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How to Launch an Online Sportsbook in 2022
The steady growth of the betting sector has drawn investors’ attention. Read more about how to choose the best option for starting a business.
The iGaming industry is as dynamic as ever, and the number of bettors who place bets on sports in bookmakers and earn on it is growing. Entrepreneurs’ incomes in the field of online betting are also increasing. In 2021, Americans bet a record $57.22 billion on sports, up 165% from 2020, generating $4.29 billion in revenue.
In Europe, sports betting accounts for more than 40% of the iGaming sector’s total revenue. The future looks bright; experts predict an annual growth of 10% until 2025. Sports betting is also huge in several emerging African markets, where legislation and infrastructure makes it more accessible than other kinds of gambling.
The massive growth of the online betting market is due in part to the Covid-19 epidemic — the coronavirus outbreak has led to the restriction of the activities of land-based bookmakers — as well as the emergence of new markets. Modern entrepreneurs are leaning towards investing in the online sector, as it allows them to cover several markets at once. Some sportsbooks target countries where gambling is prohibited, but true, long-term success lies in going the legal route.
Running a sportsbook requires a proactive approach. The services provided and markets targeted might remain fixed, but responsive, real-time odds and real-time marketing are also necessary. Some operators can handle the constant decision-making, but others turn to industry experts for effective solutions.
Slotegrator, a developer of solutions for the gambling business, breaks down the process for launching an online sportsbook and analyzes the utility of possible solutions.
Preliminary stage — choose a market and acquire a license
Regulated markets are jurisdictions where specific requirements for sportsbooks are dictated by law. These requirements vary from market to market and may include technical specifications, player protection measures, and marketing guidelines, among others. In regulated markets, the types of allowed bets and events may differ. For example, horse racing is often a government monopoly, even if sports betting is generally legal. It is also important to take into account the growing interest in non-traditional types of betting — e-sports, virtual sports — and the corresponding restrictions.
Unregulated markets are considered the “grey zone” of the gambling industry – countries that do not restrict online gambling, but do not have legislation dedicated to this industry. Thus, bookmakers retain the right to operate from the offshore territory.
Regulated markets require a local license, while unregulated markets do not restrict operators by law. On the other hand, the former are the most stable, while gray markets can be volatile — formal regulation or a ban on gambling can change the situation at any moment. Bettors residing in an unregulated area usually choose bookmakers with a license from a reputable jurisdiction (such as Malta, Gibraltar, Alderney, or the Isle of Man). This encourages operators to maintain high standards.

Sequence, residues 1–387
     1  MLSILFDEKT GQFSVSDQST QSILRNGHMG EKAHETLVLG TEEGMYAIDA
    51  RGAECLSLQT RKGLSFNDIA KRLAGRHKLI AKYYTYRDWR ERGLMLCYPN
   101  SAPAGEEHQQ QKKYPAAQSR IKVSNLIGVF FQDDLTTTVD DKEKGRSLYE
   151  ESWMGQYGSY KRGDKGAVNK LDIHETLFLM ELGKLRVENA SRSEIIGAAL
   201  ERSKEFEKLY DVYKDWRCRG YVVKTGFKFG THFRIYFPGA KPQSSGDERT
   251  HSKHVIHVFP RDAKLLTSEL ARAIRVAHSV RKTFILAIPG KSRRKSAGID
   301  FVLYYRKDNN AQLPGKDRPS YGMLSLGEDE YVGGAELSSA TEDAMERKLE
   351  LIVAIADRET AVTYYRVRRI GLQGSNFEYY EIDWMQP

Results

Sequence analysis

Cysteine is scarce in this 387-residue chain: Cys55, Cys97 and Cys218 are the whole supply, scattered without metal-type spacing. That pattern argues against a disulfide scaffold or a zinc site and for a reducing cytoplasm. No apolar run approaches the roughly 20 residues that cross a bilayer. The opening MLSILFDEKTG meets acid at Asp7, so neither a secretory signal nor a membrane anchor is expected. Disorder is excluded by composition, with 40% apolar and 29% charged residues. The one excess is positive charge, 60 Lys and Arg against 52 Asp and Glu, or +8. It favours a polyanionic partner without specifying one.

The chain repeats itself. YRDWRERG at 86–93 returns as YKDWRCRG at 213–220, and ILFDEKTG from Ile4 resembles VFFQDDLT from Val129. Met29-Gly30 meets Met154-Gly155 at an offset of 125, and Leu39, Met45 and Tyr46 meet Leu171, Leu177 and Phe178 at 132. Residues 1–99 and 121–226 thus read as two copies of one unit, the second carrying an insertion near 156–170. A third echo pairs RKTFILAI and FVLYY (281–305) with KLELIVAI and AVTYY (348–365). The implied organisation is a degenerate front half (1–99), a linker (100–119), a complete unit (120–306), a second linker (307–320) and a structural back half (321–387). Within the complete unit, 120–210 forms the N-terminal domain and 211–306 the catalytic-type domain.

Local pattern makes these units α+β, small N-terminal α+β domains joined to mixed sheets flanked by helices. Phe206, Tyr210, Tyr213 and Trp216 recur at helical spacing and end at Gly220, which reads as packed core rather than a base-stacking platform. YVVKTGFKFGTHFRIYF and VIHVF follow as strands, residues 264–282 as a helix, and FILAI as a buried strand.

When choosing a market, it is important to consider its size, level of competition, and growth opportunities. For example, it is better for a novice operator to go to developing, less popular markets — this will avoid high costs for obtaining a license, high competition, and, accordingly, significant marketing costs. Attractive emerging markets include Africa and Latin America, while Europe offers many opportunities in eastern Europe or the Balkans.
Risk analysis and assessment
The amount of seed investment required to start a betting business varies depending on the chosen market — this determines the costs of the license and guarantees provided to the authorities. Similarly, market size and marketing budgets affect the amount of capital that will be necessary. Authorities will also require operators to have a certain amount of capital reserves on hand at all times to cover player winnings. The operator’s risk of bonus abuse and player fraud also grows as more bettors join the platform.
Therefore, having chosen a market and purchased a license, the operator must anticipate financial risks and allocate a budget to cover them. In some jurisdictions, the amount is determined by law. This will help avoid initial hesitation and potential bankruptcy.
When it comes to the software that will power their sportsbook, the operator can choose one of two vectors: develop their own platform or purchase a ready-made solution from a supplier.
To independently develop an effective platform, an entrepreneur must have enough experience in running an iGaming business to know the requirements for online gambling software. He needs a full-fledged team of engineers, managers, analysts, marketers, and other specialists.
Due to the substantial investment of financial and human resources, serious degree of responsibility, and high level of risk, entrepreneurs often turn to suppliers of ready-made solutions.
An experienced iGaming operator might be able to develop a betting platform on their own. However, for the first sportsbook, it is better to choose a complete solution from a reliable supplier.
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Author: iGaming Team